# What's the fastest algorithm for sorting a linked list?

It is reasonable to expect that you cannot do any better than O(N log N) in running time.

However, the interesting part is to investigate whether you can sort it in-place, stably, its worst-case behavior and so on.

Simon Tatham, of Putty fame, explains how to sort a linked list with merge sort. He concludes with the following comments:

Like any self-respecting sort algorithm, this has running time O(N log N). Because this is Mergesort, the worst-case running time is still O(N log N); there are no pathological cases.

Auxiliary storage requirement is small and constant (i.e. a few variables within the sorting routine). Thanks to the inherently different behaviour of linked lists from arrays, this Mergesort implementation avoids the O(N) auxiliary storage cost normally associated with the algorithm.

There is also an example implementation in C that work for both singly and doubly linked lists.

As @Jørgen Fogh mentions below, big-O notation may hide some constant factors that can cause one algorithm to perform better because of memory locality, because of a low number of items, etc.

Depending on a number of factors, it may actually be faster to copy the list to an array and then use a Quicksort.

The reason this might be faster is that an array has much better cache performance than a linked list. If the nodes in the list are dispersed in memory, you may be generating cache misses all over the place. Then again, if the array is large you will get cache misses anyway.

Mergesort parallelises better, so it may be a better choice if that is what you want. It is also much faster if you perform it directly on the linked list.

Since both algorithms run in O(n * log n), making an informed decision would involve profiling them both on the machine you would like to run them on.

--- EDIT

I decided to test my hypothesis and wrote a C-program which measured the time (using clock()) taken to sort a linked list of ints. I tried with a linked list where each node was allocated with malloc() and a linked list where the nodes were laid out linearly in an array, so the cache performance would be better. I compared these with the built-in qsort, which included copying everything from a fragmented list to an array and copying the result back again. Each algorithm was run on the same 10 data sets and the results were averaged.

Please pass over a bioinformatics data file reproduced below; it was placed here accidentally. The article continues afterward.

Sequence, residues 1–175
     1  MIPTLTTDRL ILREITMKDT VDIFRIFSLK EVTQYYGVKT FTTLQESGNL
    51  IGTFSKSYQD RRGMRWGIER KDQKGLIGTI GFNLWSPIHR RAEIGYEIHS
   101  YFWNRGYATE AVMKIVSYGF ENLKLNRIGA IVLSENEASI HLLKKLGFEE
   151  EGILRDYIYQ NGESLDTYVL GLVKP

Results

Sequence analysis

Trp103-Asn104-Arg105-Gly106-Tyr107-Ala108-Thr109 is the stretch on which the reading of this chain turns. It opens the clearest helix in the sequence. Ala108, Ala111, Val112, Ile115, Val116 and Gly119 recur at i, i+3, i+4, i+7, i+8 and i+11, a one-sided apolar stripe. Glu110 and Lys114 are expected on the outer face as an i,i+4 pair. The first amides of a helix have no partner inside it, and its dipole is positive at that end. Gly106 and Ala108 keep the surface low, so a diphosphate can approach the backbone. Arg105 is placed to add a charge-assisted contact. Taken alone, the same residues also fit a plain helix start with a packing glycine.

These are the results:

N = 1000:

Fragmented list with merge sort: 0.000000 seconds

Array with qsort: 0.000000 seconds

Packed list with merge sort: 0.000000 seconds

N = 100000:

Fragmented list with merge sort: 0.039000 seconds

Array with qsort: 0.025000 seconds

Packed list with merge sort: 0.009000 seconds

N = 1000000:

Fragmented list with merge sort: 1.162000 seconds

Array with qsort: 0.420000 seconds

Packed list with merge sort: 0.112000 seconds

N = 100000000:

Fragmented list with merge sort: 364.797000 seconds

Array with qsort: 61.166000 seconds

Packed list with merge sort: 16.525000 seconds

Conclusion:

At least on my machine, copying into an array is well worth it to improve the cache performance, since you rarely have a completely packed linked list in real life. It should be noted that my machine has a 2.8GHz Phenom II, but only 0.6GHz RAM, so the cache is very important.

This is a nice little paper on this topic. His empirical conclusion is that Treesort is best, followed by Quicksort and Mergesort. Sediment sort, bubble sort, selection sort perform very badly.

A COMPARATIVE STUDY OF LINKED LIST SORTING ALGORITHMS by Ching-Kuang Shene

http://citeseerx.ist.psu.edu/viewdoc/summary?doi=10.1.1.31.9981